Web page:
When a couple decides to try for a baby, it can certainly be a very exciting time. But sometimes that excitement can quickly turn into a range of negative emotions.
Sometimes trying to conceive may take much longer than we hoped or even worse, may lead to a diagnosis of infertility.
Infertility for most couples is not just a physical condition but an emotional one as well. Chances are you have already felt many negative emotions over a short or even a long period of time, including:
- Jealousy of others who are pregnant
- Loss of control
Couples may feel like their road to reproduction has totally consumed them, dominating their lives and routines. This can lead couples to become exhausted emotionally and physically due to the pressures and commitments required when trying to conceive or undergoing assisted reproductive techniques.
Luckily, there is now a great deal more support for couples diagnosed with infertility. More than ever, we better understand and can deal with the emotional issues due to this condition. It is for this reason that it is so important for infertile couples to make contact with other infertile couples, support groups or fertility counsellors who can make a big difference to the emotional well being of these couples. Fertility organisations (as well as the doctors and nurses who work there) can also provide fantastic support and resources.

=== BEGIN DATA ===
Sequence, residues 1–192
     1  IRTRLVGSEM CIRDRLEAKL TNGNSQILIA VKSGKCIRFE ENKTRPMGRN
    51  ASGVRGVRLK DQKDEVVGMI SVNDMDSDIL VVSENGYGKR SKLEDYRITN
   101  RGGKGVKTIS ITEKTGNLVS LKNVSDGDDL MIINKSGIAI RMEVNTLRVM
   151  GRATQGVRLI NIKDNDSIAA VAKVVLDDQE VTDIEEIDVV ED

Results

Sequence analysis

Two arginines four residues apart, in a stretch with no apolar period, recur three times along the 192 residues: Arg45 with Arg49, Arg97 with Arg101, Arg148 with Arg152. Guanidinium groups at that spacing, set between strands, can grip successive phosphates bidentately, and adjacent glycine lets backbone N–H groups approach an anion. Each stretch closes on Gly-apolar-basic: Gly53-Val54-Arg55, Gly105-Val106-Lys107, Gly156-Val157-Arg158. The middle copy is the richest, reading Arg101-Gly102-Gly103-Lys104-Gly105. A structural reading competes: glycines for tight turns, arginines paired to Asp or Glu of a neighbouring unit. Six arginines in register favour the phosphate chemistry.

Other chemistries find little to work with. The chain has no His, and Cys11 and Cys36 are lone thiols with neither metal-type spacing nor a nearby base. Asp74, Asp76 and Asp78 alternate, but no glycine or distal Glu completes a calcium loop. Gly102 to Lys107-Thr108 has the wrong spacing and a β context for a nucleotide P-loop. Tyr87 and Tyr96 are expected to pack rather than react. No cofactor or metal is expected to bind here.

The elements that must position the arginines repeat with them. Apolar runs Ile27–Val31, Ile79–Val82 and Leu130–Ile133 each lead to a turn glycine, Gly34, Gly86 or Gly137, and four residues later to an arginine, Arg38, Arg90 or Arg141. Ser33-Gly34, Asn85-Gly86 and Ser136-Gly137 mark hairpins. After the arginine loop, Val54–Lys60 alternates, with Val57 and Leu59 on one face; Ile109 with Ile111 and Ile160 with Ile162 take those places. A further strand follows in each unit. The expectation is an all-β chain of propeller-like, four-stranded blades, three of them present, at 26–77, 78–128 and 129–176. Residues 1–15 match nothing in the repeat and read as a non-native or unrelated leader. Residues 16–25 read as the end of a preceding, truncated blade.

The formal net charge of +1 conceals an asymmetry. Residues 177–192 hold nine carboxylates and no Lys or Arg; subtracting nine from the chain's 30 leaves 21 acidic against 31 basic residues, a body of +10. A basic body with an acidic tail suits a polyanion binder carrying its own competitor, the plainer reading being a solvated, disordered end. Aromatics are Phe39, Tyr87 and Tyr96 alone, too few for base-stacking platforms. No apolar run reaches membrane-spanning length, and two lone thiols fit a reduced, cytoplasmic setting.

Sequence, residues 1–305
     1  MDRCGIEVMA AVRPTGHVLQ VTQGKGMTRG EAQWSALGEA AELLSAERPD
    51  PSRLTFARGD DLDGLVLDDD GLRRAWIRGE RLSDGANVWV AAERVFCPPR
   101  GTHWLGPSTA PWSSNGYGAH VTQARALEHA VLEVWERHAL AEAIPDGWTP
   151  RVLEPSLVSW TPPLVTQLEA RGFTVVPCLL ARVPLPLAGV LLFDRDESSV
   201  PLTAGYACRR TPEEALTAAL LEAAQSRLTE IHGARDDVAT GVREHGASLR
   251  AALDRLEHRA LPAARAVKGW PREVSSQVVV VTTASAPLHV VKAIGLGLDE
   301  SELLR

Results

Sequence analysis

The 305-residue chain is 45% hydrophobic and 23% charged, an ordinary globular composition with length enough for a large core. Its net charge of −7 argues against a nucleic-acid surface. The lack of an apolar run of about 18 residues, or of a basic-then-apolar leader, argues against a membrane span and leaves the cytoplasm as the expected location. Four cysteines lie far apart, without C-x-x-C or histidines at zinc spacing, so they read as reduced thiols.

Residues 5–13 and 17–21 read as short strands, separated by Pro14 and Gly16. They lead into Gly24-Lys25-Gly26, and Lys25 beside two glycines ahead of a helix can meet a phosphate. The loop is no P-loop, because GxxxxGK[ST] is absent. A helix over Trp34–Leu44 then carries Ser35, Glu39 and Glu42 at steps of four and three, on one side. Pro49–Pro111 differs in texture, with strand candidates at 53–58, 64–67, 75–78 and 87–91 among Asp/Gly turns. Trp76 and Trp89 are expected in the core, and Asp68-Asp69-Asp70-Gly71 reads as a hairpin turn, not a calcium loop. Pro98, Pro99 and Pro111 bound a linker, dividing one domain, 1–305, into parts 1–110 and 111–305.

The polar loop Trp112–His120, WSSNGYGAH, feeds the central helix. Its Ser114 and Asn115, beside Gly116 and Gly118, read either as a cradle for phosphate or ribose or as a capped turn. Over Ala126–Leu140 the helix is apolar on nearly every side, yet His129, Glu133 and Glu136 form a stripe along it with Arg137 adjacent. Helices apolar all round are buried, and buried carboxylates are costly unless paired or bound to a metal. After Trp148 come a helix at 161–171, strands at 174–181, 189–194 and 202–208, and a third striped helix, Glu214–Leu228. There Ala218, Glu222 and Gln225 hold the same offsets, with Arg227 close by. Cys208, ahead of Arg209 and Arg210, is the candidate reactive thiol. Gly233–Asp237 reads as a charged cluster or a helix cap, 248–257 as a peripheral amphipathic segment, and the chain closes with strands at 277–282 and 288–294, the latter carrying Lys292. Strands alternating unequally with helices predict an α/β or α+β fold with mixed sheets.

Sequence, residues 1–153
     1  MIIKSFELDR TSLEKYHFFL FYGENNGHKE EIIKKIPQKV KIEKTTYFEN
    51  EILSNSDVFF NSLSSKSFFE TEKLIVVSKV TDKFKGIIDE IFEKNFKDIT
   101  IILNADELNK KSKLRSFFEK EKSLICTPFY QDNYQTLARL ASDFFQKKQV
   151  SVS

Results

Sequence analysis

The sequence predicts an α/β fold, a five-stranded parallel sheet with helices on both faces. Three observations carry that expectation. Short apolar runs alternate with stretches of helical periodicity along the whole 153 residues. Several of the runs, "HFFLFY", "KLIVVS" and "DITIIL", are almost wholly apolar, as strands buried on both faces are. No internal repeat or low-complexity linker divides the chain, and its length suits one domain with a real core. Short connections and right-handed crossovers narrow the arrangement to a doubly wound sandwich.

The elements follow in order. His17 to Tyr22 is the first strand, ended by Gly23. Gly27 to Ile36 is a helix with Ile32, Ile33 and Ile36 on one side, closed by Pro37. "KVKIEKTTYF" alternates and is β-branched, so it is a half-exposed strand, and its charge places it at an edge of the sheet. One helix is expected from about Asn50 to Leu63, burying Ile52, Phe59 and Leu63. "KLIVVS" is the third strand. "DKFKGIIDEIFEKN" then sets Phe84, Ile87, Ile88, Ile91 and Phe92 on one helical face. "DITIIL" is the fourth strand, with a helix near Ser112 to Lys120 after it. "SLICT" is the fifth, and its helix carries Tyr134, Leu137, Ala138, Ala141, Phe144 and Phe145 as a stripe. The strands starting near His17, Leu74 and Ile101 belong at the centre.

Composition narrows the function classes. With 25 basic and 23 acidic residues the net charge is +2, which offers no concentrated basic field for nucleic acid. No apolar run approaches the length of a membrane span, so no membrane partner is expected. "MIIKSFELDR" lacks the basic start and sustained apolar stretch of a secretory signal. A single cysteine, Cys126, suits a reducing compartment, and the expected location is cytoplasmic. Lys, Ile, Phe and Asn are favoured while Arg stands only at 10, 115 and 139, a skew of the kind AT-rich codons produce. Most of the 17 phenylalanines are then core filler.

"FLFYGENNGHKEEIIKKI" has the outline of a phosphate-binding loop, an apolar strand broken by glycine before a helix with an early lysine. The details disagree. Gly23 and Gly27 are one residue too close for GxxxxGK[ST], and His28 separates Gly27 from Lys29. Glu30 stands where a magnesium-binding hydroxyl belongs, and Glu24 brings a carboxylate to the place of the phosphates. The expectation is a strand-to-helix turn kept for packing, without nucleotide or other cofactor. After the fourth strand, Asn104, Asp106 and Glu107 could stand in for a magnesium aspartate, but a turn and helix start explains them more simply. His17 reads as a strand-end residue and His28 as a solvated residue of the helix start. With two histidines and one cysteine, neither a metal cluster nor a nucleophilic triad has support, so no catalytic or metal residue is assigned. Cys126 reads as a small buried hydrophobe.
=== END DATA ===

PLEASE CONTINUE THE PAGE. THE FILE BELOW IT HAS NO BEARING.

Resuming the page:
Some things you can do to help include:
- Setting yourself a realistic and long term view. While you may be very keen to have treatment over and done with as soon as possible, you’ll be in better shape mentally and physically if you can set yourself a steady treatment timetable – even schedule a holiday for yourselves if it permits! Understanding as much about your treatment as possible can really help here, as you will be better informed on what to expect and how you should set your goals.
- Let yourself realise and accept how you feel if you have reached your ‘limit’
- Try not to dwell on the short term ups and downs of trying to conceive / your treatment
- Try having sex with your partner for fun, without the pressure of trying to conceive during your ‘non-fertile’ stages of your cycle. Bring back the romance!
- Consider alternative treatments if you feel they could be of benefit or if your current treatment has become overwhelming
- Seek support if you feel you need it
- If you are charting your cycle, take a break. You can always start again another time.
Also see BellyBelly’s article, trying to fall pregnant – without losing fun in the bedroom.